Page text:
WISH RONQUILLO

 

CHIC GEEK.

FARMER.

MAMA HEN.

I had been searching through all my old albums and photos scattered in different envelopes and boxes around my house. The truth is, I do not know where to start my story. I have a lot to tell.

So here we go.

WHEN YOU WISH UPON A STAR

I had a happy childhood. I had a very doting aunt, and my parents adored me. I grew up in a small town, the very provincial Kawit, Cavite in the Philippines. We were known as “the land of the brave,” hometown to the first president of the Philippine Republic and a lot of local heroes from during the revolution against the Spanish rule for of more than 300 years.

Everybody knew everyone, and all the neighbors looked after each other’s kids.  From the age of 8, I was the leader of the pack, the “events manager” of the family and a child performer who earned money from singing and dancing at events and parties.

That attention, unfortunately, made me a bit of a bully in grade school. You just can’t fully understand what to do with that “power” as a kid. We felt invincible. We didn’t care much, since we didn’t know any better and had a lot of fun.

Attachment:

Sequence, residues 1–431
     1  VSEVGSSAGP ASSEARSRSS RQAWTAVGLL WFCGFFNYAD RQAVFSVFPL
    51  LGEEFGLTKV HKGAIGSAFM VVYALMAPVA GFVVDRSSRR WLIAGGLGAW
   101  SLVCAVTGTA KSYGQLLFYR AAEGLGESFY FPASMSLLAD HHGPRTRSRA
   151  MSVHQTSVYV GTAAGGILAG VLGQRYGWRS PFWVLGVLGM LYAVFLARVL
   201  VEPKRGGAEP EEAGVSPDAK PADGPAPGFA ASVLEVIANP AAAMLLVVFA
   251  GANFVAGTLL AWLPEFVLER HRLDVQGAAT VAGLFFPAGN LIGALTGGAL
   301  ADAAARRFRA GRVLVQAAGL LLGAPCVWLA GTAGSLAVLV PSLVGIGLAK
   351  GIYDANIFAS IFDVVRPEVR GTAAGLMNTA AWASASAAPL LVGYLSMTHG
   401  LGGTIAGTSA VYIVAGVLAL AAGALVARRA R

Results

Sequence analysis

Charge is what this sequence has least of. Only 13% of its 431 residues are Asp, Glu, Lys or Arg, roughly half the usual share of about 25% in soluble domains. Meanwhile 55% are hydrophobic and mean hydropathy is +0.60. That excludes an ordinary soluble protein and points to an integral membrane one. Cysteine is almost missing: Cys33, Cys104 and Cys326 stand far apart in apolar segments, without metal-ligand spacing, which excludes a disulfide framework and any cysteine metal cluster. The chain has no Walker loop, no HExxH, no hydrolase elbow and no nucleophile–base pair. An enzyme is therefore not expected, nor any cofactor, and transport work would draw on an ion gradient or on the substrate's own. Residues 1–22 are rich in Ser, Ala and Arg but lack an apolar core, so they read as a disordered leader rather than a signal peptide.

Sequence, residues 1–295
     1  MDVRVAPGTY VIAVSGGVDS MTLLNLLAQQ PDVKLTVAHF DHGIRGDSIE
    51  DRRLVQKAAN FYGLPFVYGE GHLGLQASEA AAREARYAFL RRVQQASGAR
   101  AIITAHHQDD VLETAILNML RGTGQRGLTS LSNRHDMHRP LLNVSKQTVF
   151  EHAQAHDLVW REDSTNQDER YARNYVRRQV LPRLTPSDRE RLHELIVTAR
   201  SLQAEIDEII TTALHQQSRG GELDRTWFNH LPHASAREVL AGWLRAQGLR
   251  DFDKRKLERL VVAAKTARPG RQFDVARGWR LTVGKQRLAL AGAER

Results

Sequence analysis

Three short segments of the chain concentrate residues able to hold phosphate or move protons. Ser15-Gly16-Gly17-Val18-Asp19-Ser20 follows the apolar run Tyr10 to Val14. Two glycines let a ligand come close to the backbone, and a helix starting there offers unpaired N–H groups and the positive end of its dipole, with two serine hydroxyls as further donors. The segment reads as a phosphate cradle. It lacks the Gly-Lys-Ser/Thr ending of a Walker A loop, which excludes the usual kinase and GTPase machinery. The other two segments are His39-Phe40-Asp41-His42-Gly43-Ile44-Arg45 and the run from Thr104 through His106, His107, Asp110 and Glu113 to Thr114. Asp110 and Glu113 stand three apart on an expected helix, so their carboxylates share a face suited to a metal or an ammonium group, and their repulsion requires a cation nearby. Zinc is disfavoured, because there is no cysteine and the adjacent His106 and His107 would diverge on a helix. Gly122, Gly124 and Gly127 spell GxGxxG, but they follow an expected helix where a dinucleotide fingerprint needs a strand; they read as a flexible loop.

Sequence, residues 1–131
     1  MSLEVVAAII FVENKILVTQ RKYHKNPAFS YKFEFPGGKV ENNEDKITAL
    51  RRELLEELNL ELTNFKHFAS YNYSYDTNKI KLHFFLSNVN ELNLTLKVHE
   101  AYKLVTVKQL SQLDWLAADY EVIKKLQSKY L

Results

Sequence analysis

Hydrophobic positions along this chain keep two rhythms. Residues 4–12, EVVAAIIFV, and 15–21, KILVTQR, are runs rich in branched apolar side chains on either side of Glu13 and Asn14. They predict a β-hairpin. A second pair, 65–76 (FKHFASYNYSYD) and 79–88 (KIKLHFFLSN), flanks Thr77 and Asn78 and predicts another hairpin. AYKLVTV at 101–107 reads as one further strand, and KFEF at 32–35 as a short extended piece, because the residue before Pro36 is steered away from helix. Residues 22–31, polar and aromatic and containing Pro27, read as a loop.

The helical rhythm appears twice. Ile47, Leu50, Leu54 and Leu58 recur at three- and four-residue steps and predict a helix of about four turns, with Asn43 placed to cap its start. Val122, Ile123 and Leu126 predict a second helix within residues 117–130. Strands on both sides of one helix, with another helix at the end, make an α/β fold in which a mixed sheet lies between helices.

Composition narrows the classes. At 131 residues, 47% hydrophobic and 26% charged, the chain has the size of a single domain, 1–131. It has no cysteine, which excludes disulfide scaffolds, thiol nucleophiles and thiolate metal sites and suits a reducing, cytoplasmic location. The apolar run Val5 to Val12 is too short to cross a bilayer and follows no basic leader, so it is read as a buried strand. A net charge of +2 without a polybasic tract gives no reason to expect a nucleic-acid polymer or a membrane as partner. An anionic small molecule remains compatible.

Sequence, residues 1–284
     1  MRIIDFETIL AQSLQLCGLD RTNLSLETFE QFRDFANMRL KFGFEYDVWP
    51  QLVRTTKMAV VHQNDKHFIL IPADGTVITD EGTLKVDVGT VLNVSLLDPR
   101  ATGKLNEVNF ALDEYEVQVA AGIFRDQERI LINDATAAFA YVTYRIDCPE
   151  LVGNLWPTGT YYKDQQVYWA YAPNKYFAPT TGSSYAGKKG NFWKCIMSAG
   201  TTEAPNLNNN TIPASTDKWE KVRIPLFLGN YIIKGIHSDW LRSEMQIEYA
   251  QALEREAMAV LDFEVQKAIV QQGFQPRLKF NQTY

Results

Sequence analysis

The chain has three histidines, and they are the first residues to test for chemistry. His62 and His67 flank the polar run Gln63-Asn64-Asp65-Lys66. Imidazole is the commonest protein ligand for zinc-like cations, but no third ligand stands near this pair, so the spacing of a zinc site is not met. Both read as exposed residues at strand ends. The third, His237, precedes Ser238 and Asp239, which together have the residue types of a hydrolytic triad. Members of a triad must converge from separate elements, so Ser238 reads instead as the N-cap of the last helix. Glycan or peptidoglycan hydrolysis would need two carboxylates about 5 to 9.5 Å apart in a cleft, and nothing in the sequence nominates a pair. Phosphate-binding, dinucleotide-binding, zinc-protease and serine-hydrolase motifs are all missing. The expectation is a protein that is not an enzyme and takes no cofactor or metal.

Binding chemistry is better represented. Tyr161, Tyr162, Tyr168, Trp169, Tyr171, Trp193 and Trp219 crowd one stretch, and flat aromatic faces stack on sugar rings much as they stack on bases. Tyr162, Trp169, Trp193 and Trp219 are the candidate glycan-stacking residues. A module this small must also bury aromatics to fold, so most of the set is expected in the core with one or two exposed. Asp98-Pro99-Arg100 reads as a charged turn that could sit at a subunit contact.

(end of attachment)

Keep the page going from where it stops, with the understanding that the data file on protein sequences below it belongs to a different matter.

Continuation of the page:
But I always worked hard for my money. Apart from performing, I also sold Filipino snacks in front of our house during summers holidays and traded scented stationeries, stickers and comics to earn extra cash and buy things that my Mom wouldn’t.

THE NEVER-ENDING SHIFT

All my glory days left me when I went to high school. I became a loner: distant and overly self-conscious. I felt ugly, unwanted—too different.

I had friends here and there, yet I couldn’t didn’t feel comfortable expressing myself too much. I stopped singing, I spoke inaudibly and I couldn’t walk without my eyes focuseding on the floor. My confidence left me. School became too big and too much to handle.